• Chartres builders and ATLAS physicists faced similar challenges. "Turning ATLAS into a reality was akin to putting together a non-linear, multi-dimensional puzzle of interdependent pieces brought together on the basis of fluid and changeable concepts rather than stable and delineated patterns." –  Jenni, Nordberg and Boisot, 2011. photo:  Ma)hew  Clemente,  Flickr   photo:  Claudia  Marcelloni,  CERN  
    • What the ATLAS collaboration avoided ... •  Complex governance: the collaboration is guided by a 7-page MoU. •  Top-down hierarchy: there is no CEO, only a 'spokesperson'. •  A masterplan: the Technical Proposal contained an embryonic concept with myriads of design options left open.
    • What the ATLAS collaboration did ... •  Destination: hold on to a clear and unchanging objective:  finding the Higgs. •  Decentralisation: implement an project adhocracy based on decentralisation of technical and financial risks. •  Deliberation: cultivate emergent technical leadership through a continuous review process guided by rational justification and consensual choice of design options. •  Diffusion: cultivate an interlaced information metabolism, leading to ongoing reconfiguration, recontextualisation and collective internalisation of available knowledge. •  Dispersal: Cultivate inclusiveness on a large scale by collectivising prestige and honouring the norms and values of the scientific community.
    • Creating breakthroughs in a setting of irreducible uncertainty: lessons learned •  Clear vision, strong values. •  1st class technical expertise. •  No masterplan. Fluid design trajectory, keeping options open, hands-on experiments. •  Decentralisation of work streams and accountability. •  Intense information flow, boundary objects, learning.
    • Another take on the same story: optionality optionality = asymmetry + rationality Nassim Nicholas Taleb The mechanism of 'convex tinkering' (i.e. fail fast, or trial-and-error: low-cost mistakes, with known maximum losses and large potential payoff.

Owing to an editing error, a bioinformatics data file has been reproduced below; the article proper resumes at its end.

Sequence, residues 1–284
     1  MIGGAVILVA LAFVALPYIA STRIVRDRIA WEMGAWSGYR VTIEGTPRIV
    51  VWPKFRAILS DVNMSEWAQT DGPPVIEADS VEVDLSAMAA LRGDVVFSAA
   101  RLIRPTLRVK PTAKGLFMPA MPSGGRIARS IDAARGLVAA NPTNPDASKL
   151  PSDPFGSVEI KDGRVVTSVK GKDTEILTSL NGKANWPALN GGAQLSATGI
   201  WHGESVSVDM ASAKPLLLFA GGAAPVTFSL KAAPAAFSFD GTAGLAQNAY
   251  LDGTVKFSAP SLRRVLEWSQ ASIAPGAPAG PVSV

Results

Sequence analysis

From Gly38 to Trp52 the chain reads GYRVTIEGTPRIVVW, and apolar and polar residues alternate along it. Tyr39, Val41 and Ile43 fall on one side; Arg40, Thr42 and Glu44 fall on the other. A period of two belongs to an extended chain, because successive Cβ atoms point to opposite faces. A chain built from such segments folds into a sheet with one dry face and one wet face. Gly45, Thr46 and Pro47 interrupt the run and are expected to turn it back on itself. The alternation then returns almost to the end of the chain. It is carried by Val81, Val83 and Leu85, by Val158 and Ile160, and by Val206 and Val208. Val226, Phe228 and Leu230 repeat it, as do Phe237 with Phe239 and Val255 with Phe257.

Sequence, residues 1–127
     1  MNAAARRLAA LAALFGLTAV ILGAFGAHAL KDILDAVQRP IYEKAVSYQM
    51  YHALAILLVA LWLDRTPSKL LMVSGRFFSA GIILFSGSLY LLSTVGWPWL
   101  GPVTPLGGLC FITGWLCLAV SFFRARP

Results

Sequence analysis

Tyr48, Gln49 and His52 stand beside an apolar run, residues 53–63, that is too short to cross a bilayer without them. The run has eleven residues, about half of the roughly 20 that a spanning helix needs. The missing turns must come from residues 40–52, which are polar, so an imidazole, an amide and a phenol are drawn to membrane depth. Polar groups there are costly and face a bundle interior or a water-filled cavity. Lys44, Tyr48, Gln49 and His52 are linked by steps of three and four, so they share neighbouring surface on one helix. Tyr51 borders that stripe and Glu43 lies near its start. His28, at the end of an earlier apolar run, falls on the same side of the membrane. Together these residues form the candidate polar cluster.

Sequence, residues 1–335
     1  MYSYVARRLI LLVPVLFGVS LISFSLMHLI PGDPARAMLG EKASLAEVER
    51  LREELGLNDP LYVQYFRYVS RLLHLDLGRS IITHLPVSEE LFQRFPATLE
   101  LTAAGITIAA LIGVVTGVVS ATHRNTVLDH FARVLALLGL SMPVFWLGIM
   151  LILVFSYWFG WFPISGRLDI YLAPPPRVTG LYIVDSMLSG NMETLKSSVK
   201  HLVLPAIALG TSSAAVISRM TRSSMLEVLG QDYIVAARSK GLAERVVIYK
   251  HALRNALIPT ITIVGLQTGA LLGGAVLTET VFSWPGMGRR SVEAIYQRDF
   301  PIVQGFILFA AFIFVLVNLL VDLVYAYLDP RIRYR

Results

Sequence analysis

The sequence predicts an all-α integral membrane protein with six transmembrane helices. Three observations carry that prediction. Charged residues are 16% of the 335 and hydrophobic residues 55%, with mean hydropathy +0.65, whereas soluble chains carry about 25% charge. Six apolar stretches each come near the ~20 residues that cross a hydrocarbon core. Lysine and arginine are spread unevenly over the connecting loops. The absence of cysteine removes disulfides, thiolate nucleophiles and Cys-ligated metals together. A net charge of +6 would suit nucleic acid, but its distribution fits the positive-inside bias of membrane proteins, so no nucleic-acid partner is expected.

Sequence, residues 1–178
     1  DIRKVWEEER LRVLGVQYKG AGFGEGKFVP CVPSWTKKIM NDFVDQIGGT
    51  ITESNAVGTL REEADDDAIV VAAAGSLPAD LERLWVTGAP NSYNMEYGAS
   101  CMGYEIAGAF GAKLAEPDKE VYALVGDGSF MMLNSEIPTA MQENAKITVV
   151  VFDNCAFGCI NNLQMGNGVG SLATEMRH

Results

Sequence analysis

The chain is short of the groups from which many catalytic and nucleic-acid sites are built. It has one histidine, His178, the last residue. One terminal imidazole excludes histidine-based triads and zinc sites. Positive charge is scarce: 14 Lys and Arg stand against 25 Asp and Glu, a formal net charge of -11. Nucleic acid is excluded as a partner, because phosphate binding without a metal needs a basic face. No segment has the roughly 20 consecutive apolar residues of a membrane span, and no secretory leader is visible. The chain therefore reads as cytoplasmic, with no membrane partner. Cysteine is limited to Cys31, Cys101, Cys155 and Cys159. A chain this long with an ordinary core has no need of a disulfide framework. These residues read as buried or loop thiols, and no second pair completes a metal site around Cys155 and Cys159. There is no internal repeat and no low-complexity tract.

• Rationality ≠ intelligence "If you have optionality, you do not have much need for what is commonly called intelligence, knowledge, insight. For you don't have to be right that often. All you need is the wisdom to not do unintelligent things to hurt yourself and recognise favourable outcomes when they occur." - N.N. Taleb
    • Effectuation:  creating ventures in unknowable spaces 4 simple heuristics Saras Sarasvathy Start with your means Focus on downside risk Leverage contingencies Form partnerships
    • Can we imagine that this is how great cathedrals came into being? Copyright © The Rector and Visitors of the University of Virginia:
    • Transformative foresight At the service of the messy business of transitioning complex socio-technical systems ... mobility energy ... under pressure food manufacturing
    • How can foresight contribute? epistemologies scenario development, roadmapping, horizon scanning, forecasting methodologies scenarios, systems maps, models, early indicators tools
    • What we have learned from Chartres and ATLAS: an epistemology of transformative foresight a non-causal,  non-intelligence driven ethos of shaping complexity epistemologies scenario development, roadmapping, horizon scanning, forecasting methodologies scenarios, systems maps, models, early indicators tools
    • 'Energiewende': Transforming the energy system of the fourth largest economy in the world
    • A multidimensional puzzle ... New building/urban concepts Behavioural change New fiscal/financial instruments Alternative mobility systems New energy infrastructure New information management concepts Alternative power sources
    • High stakes, far away time horizon, irreducible uncertainty, ... •  2011: Fukushima and the new 'Energiekonzept'. Broad political consensus for a radical reform. •  1987-1990: parliamentary commission on climate change uses a turnaround scenario. •  2003: WBGU landmark report "Energy turnaround •  1980s: Multitude of energy for sustainability". turnaround scenarios. •  1980: term 'energy turnaround' is coined. 1980 1990 Energiewende timeline •  1998: energy turnaround scenario becomes official government policy. 2000 2010 2020 "We have to be very clear that today´s technology will only carry us for the next ten or fifteen years. (...) We are right now extrapolating today´s technology in a pretty linear fashion. You never know what kind of disruptive technologies will show up in between." 2050 Prof. Frank Behrendt (TUBerlin, Acatech)
    • Again: how can foresight contribute?
    • Again: how can foresight contribute? Make explicite normative biases & systems view Articulate, envision shared goals Create trust in multistakeholder settings Identify weak signals, unknown unknowns Cement partnerships Support the 'planning as learning' process 'Windtunnel' strategic options
    • Transition governance:  the art of goal-directed incrementalism A theory and practice of 'managing' as searching, experimenting and learning Visioning Alliance building Learning Experimenting
    • Foresight at the 'fuzzy front-end' systems thinking + dialogue + 'design thinking'   thinking  'big picture' embracing the normative rapid prototyping thinking interdependences cultivating  contingency abductive thinking thinking  leverage points building social capital imagineering
    • Thank you for your attention